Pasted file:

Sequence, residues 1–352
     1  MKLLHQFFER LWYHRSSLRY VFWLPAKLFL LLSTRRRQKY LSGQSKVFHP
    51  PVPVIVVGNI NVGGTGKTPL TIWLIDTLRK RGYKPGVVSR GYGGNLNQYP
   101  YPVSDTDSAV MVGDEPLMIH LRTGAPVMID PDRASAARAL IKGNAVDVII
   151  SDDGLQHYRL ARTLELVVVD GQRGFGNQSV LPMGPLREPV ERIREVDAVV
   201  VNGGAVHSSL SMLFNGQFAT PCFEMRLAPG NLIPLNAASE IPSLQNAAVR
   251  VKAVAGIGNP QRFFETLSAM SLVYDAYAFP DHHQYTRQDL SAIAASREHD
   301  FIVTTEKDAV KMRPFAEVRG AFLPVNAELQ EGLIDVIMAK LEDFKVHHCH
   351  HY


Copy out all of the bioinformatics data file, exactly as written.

Sequence, residues 1–352
     1  MKLLHQFFER LWYHRSSLRY VFWLPAKLFL LLSTRRRQKY LSGQSKVFHP
    51  PVPVIVVGNI NVGGTGKTPL TIWLIDTLRK RGYKPGVVSR GYGGNLNQYP
   101  YPVSDTDSAV MVGDEPLMIH LRTGAPVMID PDRASAARAL IKGNAVDVII
   151  SDDGLQHYRL ARTLELVVVD GQRGFGNQSV LPMGPLREPV ERIREVDAVV
   201  VNGGAVHSSL SMLFNGQFAT PCFEMRLAPG NLIPLNAASE IPSLQNAAVR
   251  VKAVAGIGNP QRFFETLSAM SLVYDAYAFP DHHQYTRQDL SAIAASREHD
   301  FIVTTEKDAV KMRPFAEVRG AFLPVNAELQ EGLIDVIMAK LEDFKVHHCH
   351  HY